10 August 2012

New insights into genome integrity maintenance - another piece of the puzzle.

Important new insights into the cellular regulation of DNA repair mechanisms.

The integrity of the genome is continuously challenged by both endogenous and exogenous DNA damaging assaults. Unrepaired DNA double-strand breaks are particularly hazardous to the cell because, if not instantly lethal, they can lead to genome rearrangements. To prevent this, cells mobilize chromatin surrounding the DNA lesions to accumulate a multitude of repair and signalling proteins that cooperate to restore the integrity of the damaged genome. Prominent among such modifications is histone ubiquitylation triggered by a complex cascade of enzymatic reaction including RNF168, an E3 ubiquitin ligase that amplifies ubiquitin reactions specifically at damaged chromosomes. Although beneficial for DNA repair, it is crucial that this ubiquitinylation activity is confined to the site of the DNA lesion leaving the undamaged chromosomes untouched. Otherwise, an excessive chromatin ubiquitylation and spreading away from the site of damage could have far-reaching deleterious consequences in the healthy parts of the genome. In their new study, Jiri Lukas and his colleagues screened the human ubiquitinome for suppressors of RNF168 and identified two E3 ligases, TRIP12 and UBR5, that regulate RNF168 stability and thereby supress excessive chromatin ubiquitylation in cells challenged by DNA breakage.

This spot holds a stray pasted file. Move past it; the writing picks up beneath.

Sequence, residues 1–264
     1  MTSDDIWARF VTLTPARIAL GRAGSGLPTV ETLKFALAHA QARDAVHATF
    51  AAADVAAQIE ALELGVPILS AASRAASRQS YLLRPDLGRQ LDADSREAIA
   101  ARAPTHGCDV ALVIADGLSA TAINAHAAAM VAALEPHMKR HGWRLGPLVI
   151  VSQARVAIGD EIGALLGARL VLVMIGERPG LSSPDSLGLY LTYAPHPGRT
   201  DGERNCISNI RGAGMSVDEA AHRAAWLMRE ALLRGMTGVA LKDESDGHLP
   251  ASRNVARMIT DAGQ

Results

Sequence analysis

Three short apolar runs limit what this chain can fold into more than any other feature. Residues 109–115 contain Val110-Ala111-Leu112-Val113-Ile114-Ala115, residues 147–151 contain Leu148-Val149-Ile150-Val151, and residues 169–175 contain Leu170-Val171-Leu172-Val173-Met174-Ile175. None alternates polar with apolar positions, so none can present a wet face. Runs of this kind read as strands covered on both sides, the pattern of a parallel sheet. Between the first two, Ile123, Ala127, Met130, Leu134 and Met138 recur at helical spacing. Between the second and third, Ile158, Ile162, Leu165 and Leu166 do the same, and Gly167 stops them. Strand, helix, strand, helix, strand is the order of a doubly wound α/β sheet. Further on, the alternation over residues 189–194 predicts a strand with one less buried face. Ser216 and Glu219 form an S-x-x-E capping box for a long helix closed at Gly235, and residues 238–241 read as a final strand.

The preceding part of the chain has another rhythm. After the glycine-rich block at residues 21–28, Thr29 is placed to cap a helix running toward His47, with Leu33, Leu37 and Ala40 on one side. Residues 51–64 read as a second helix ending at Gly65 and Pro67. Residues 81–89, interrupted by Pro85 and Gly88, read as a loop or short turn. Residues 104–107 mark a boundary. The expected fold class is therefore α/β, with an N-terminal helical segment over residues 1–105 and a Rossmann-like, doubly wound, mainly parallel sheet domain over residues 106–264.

Apart from uncovering a molecular pathway, which guards against illegitimate spreading of repair-associated enzymatic reactions, this study has implications for cancer research by showing that hyperaccumulation of RNF168 is a frequent ‘molecular signature’ of cancers associated with oncogenic human papillomaviruses. In addition, earlier studies reported TRIP12 and UBR5 mutations in other types of human malignancies, and it would be interesting to build on the new findings and investigate whether excessive chromatin ubiquitylation in such cases contributes to cancer progression. Please follow this link for a graphical abstract: http://www.cell.com/abstract/S0092-8674(12)00883-5.